Let’s find a book set – at least partly – in one of those Commonwealth – formerly Empire – countries. The Last Hunt, by Deon Meyer. This is the first book I’ve read by Meyer, and I suspect it won’t be the last. Two parallel stories – the first involving South African cops Benny Griessel and Vaughn Cupido, given the thankless task of solving a cold case: the second introducing Daniel Darret, an African who after a chequered life has settled in Bordeaux. It’s only at the end these apparently unrelated threads come together. The characters, and the areas and worlds they frequent are well-painted and vivid, and the story, involving corruption in high places seems unsettlingly topical. Only the last chapter of all failed to convince me: and while this was disappointing, it didn’t stop me from feeling I’d had an involving and exciting journey along with the protagonists.

My next book isn’t really a crime story.  Or is it?  You’ll have to read Darke Matter: A Novel, by Rick Gekoski for yourself to find out. James Darke, retired schoolmaster and professional curmudgeon, narrates his story. His much-loved wife Suzy has recently died, wracked by pain in her last months. He lives alone, disapproving of everybody and everything, even his daughter and her husband – though he makes an exception for his grandson Rudy. His distress at watching his wife die encourages him to help her on her way to death through overdosing her, as he admits to his horrified daughter, though she comes to understand and agree.   No spoilers alert here, though you might well wish to refresh your knowledge of Gulliver’s Travels, a book Darke re-fashions for his grandson’s entertainment. A perceptive, witty and moving evocation of love, grief, loss, and the fall-out from assisted dying.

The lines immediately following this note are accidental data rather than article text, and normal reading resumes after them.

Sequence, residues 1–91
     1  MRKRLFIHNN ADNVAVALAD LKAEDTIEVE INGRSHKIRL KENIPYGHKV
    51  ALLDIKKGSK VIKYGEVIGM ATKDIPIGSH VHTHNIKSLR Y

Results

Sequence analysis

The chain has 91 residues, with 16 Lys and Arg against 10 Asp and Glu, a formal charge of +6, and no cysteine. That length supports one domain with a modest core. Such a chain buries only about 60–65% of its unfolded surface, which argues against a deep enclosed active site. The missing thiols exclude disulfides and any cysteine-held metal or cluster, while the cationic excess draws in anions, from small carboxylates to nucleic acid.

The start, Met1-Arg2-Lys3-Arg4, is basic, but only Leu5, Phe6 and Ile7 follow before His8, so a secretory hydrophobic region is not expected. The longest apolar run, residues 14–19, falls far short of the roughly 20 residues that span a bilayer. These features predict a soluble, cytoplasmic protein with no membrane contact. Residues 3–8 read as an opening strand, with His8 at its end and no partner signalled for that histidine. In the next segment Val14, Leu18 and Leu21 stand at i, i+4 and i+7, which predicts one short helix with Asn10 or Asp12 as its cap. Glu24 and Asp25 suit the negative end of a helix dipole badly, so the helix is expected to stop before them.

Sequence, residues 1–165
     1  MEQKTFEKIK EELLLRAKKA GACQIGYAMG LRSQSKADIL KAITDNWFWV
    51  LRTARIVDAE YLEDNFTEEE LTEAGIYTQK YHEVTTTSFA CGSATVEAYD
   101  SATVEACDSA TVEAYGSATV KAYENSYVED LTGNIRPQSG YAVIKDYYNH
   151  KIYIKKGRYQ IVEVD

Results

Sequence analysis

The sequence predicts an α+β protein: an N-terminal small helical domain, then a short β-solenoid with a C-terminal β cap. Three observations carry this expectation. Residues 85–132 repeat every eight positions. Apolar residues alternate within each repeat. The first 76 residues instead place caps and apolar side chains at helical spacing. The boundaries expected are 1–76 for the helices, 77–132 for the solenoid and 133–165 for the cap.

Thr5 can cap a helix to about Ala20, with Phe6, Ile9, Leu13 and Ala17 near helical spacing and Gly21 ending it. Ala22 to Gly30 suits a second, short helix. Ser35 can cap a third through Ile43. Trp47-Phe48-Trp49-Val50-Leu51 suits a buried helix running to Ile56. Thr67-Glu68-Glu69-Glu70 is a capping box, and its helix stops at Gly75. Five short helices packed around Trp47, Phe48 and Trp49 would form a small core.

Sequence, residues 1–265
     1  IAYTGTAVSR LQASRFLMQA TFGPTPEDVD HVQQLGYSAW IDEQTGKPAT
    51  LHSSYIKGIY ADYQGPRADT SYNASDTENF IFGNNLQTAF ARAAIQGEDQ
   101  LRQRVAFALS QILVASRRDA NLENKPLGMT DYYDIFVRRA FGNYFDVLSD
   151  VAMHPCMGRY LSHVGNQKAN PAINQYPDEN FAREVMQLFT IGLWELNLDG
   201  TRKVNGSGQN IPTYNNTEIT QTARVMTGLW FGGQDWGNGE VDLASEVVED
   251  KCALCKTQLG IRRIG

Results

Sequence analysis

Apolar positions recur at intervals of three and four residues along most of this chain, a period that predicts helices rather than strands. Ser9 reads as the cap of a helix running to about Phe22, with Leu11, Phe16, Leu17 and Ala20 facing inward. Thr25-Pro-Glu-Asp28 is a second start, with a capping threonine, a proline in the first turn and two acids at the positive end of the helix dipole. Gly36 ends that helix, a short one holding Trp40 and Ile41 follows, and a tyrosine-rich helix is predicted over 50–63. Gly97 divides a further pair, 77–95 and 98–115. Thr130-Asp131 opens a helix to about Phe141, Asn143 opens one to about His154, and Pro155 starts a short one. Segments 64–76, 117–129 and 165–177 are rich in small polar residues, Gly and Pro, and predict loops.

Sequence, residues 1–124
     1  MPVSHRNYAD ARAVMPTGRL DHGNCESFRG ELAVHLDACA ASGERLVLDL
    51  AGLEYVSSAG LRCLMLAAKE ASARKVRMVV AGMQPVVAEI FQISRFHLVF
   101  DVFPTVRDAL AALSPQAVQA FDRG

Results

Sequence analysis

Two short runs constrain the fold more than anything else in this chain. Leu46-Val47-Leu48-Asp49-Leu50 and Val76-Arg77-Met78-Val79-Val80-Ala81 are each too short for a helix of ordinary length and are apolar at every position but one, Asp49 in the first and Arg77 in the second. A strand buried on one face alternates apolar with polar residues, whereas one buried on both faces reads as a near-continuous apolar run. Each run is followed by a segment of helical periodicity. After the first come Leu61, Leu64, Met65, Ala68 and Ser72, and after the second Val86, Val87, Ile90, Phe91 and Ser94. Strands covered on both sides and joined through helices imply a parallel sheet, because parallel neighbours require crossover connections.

Another whodunnit, which, being set in Ireland, links back to the first book in my chain, though not to this month’s starter.  Snow by John Banville. This paints a richly evocative picture of 1950s Co. Wexford in Ireland. A miserably cold snowy winter; a country house peopled with a decaying family of Protestant gentry; a pub-come-shop; a cast of splendidly eccentric characters. This is Cluedo brought to life. Though so much richer. Here is a picture of a narrow and barren society, subservient to the authority of the Catholic church, and with strong memories of their not-so-distant battle for independence. The motives for the murder we learn about on the first page are more important than finding out who committed it. A rewarding read, being a whydunnit rather than a whodunnit.

Next month, the chain will begin with Peter Carey‘s True History of the Kelly Gang, a book which has unaccountably sat unread on my shelves for ages. Its moment has come!

42 thoughts on “Six Degrees of Separation from Armfield to Banville

  1. I enjoyed reading your post! And I’m most tempted to read Atlas of Remote Islands and Empireland. I’ve enjoyed other books by Banville, so Snow interests me too and Don Meyer’s book – I loved his book, Thirteen Hours.

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    1. Thank you Margaret. Yes, I feel I had a few good choices here. That Atlas took me to new worlds, and Empireland was a salutary read. The rest were more relaxing!